Dr. Corey is adamant on having the occasional “Corey Day” — a day dedicated to himself and only himself which his family knows that he means business when it comes to his alone time. It’s so easy to implement this into your normal routine — weekly, monthly, or whenever you need it — as a good refresher or break from the stressors in your life. Oftentimes, we get nervous to spend time with ourselves because the person looking in the mirror knows all the secrets, which Dr. Corey says we BS ourselves when we don’t engage with them. So take the initial step to hangout with yourself to help get to know yourself better, and once you do that, you’ll begin to move about the world in a new observant way. Whether it’s running errands on your own, going to the movie theater, or relaxing in the comfort of your home, doing the individualized work is critically important to later shift towards your own social network and influences in your life. Communicating with your loved ones that you need your space and time on your own is not selfish at all, it’s taking the necessary steps to heal the overwhelm you’re experiencing. Just like parents may designate a date night for themselves away from the kids, each individual is entitled to do the same, with no permission needed. Give yourself permission! It’s your life so it’s time to take control of what you need for self-prioritizing and to support yourself, and your loved ones will understand that if they truly care about your needs. 

Don’t Feel Guilty About Not Answering

Because we are naturally empathetic towards others, it’s easy to experience guilt when we aren’t placing others first in our lives. Don’t feel guilty for self-prioritizing and protecting your sacred space. Guilt is something we all have to work towards unlearning in some capacity. Through your social network, establish that you’re taking time off the grid for yourself, or designate one close person to communicate that for you. There should be no obligations to answer the phone when it rings or the door when someone knocks — it’s just an indication that someone would like to speak to you, but it doesn’t mean you must do so. You’re just being told that someone has questions to ask or an offer to make, but if you’re not in the mindset for that, it’s totally OK to decline to answer. There’ll be time to message or call back when you’re ready. It’s not selfish, it’s making sure you take care of yourself first and foremost.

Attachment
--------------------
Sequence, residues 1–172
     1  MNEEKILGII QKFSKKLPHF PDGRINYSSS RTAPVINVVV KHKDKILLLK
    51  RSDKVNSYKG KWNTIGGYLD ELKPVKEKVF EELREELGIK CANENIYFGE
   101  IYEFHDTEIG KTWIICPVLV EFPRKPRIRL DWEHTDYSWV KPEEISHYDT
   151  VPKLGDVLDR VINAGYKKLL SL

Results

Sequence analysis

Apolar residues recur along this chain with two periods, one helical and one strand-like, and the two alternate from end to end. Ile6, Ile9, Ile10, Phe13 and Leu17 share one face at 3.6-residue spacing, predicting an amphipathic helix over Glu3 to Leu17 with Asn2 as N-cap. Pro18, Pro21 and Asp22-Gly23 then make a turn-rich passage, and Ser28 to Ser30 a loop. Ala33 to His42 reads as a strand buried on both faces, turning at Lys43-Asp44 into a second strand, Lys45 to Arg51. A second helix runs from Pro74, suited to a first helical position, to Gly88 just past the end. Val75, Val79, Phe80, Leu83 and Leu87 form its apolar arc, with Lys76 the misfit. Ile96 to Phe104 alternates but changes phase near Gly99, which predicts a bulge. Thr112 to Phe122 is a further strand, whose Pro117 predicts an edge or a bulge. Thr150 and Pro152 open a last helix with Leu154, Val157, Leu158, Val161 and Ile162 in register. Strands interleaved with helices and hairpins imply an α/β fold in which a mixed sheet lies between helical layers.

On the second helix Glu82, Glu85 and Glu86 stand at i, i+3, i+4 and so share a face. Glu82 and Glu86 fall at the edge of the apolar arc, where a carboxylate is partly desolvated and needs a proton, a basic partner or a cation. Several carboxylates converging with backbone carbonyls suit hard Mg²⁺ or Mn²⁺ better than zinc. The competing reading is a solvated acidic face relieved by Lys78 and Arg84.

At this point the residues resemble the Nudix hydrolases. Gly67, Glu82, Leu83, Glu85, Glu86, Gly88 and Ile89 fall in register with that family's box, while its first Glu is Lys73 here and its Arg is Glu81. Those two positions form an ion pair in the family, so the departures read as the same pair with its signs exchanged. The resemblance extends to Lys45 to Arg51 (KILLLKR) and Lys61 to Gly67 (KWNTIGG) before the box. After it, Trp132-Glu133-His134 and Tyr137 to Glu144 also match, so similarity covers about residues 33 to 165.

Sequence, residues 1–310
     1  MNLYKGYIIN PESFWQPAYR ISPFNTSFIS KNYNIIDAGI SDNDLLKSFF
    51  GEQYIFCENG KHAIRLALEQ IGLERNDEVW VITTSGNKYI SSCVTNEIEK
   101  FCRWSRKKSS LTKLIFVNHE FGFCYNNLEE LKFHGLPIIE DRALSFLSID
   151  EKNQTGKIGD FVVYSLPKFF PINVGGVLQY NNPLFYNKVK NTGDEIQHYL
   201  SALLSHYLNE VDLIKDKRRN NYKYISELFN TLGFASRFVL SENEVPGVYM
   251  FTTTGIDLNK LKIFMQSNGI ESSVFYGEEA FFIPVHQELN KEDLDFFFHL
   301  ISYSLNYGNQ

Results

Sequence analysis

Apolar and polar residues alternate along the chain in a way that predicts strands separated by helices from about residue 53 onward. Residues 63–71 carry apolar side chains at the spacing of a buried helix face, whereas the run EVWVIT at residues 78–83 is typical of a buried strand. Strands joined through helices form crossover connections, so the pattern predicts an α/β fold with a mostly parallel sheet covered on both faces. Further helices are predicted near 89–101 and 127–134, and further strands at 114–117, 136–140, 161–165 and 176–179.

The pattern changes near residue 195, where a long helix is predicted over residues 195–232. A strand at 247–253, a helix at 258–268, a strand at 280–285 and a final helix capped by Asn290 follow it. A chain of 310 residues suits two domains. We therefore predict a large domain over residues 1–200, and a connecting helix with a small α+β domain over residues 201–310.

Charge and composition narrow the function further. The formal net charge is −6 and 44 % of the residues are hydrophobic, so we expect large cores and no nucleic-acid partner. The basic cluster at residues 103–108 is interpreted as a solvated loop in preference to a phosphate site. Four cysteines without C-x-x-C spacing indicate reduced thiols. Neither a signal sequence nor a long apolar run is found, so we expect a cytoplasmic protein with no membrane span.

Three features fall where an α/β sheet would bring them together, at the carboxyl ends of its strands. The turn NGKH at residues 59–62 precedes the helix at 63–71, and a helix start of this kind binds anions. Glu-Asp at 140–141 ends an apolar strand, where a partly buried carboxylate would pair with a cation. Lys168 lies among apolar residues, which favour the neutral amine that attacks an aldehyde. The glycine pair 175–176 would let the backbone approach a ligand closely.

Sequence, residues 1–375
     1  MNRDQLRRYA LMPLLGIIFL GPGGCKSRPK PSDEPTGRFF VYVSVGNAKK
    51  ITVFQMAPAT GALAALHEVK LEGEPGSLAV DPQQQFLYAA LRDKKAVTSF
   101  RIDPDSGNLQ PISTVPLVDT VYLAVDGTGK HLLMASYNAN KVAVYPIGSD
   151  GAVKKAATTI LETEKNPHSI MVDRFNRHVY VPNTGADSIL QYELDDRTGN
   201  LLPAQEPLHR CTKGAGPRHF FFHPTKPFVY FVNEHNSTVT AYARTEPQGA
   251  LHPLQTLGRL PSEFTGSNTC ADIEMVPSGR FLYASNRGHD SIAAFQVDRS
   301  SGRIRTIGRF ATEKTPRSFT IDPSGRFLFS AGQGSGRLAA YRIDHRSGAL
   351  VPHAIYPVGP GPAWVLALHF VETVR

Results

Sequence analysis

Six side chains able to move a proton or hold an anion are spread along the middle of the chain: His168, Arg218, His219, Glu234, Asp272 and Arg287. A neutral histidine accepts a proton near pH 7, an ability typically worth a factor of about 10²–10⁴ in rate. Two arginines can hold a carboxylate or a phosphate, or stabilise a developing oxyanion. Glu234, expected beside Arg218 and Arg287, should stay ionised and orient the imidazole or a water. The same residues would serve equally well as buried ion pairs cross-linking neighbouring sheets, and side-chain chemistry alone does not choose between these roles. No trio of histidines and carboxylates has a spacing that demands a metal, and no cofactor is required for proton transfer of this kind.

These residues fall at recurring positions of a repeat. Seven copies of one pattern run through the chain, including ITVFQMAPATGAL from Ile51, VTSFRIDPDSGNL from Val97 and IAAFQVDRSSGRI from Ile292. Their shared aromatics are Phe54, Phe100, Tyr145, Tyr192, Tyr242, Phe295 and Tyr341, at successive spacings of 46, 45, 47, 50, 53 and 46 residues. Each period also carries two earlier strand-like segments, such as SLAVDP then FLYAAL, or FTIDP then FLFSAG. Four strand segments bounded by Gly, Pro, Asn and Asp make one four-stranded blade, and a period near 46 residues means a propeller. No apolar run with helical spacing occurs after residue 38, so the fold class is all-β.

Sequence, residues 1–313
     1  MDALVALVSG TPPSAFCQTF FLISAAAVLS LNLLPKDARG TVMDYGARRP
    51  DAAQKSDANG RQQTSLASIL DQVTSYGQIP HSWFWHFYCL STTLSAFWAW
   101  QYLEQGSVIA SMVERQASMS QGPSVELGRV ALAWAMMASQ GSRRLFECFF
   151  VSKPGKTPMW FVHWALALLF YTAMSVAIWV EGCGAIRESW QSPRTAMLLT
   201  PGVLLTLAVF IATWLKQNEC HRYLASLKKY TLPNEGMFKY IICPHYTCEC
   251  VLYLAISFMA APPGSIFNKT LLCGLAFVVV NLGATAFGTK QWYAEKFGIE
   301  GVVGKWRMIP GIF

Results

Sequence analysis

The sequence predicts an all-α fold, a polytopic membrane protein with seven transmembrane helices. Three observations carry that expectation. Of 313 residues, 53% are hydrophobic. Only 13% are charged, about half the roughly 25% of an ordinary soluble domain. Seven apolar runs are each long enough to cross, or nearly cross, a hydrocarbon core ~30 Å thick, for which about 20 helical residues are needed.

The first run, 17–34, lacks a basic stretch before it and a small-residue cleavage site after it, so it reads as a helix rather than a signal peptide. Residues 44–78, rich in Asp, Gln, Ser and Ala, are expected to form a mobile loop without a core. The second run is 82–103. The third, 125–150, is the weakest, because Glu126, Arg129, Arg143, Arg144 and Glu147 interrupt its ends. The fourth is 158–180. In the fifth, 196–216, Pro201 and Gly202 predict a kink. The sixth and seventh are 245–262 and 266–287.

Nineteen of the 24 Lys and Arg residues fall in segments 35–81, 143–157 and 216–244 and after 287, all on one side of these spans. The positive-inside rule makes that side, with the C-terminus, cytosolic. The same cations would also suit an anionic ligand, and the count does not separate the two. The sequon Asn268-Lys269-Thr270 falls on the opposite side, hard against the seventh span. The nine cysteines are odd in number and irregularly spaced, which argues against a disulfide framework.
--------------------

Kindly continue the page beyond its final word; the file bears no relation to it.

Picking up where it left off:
Lean Into Personal Growth

Dr. Corey has a great metaphor to live by: “In life we must be rivers, not ponds. A pond is stagnant water that sits there and gets messy, but a river is ever regenerating, ever flowing and evolving. I seek to be a river. I want to keep moving, I’m not going to stop.” If we picture ourselves as ever flowing water, we can begin to find success in all areas of life. It’s crucial to note that success is not about greed, it’s a thought process of wanting to be better today than you were yesterday — the whole point of life is to improve! Don’t listen to those envious about where you are around you because as long as you think something is right for you, that’s the goal you should be prioritizing. Along the way, you’re bound to run into obstacles and feel discomfort, which we too often lean away from because we don’t want to experience pain. Understandably so, we all hate those downfall moments, but if we can begin to reframe it into a way of thinking that the discomfort could be an indication that we are growing as individuals, then lean all the way into it! It’s telling you that it’s time to grow into a new space that you wanted, and through any expected pain, there’s only beauty and greatness on the other side. Discovering the discomforts is an opportunity for personal growth and self-prioritizing. Never stop; keep going and seek out the conflict because once we arrive, that’s when we start to get complacent with our surrounding systems. Once you reach a certain point, always look for what’s next, moving with intentionality.

Dr. Corey Yeager's tips for Self-Prioritizing

Catch more tips from Dr. Corey by listening to the full episode!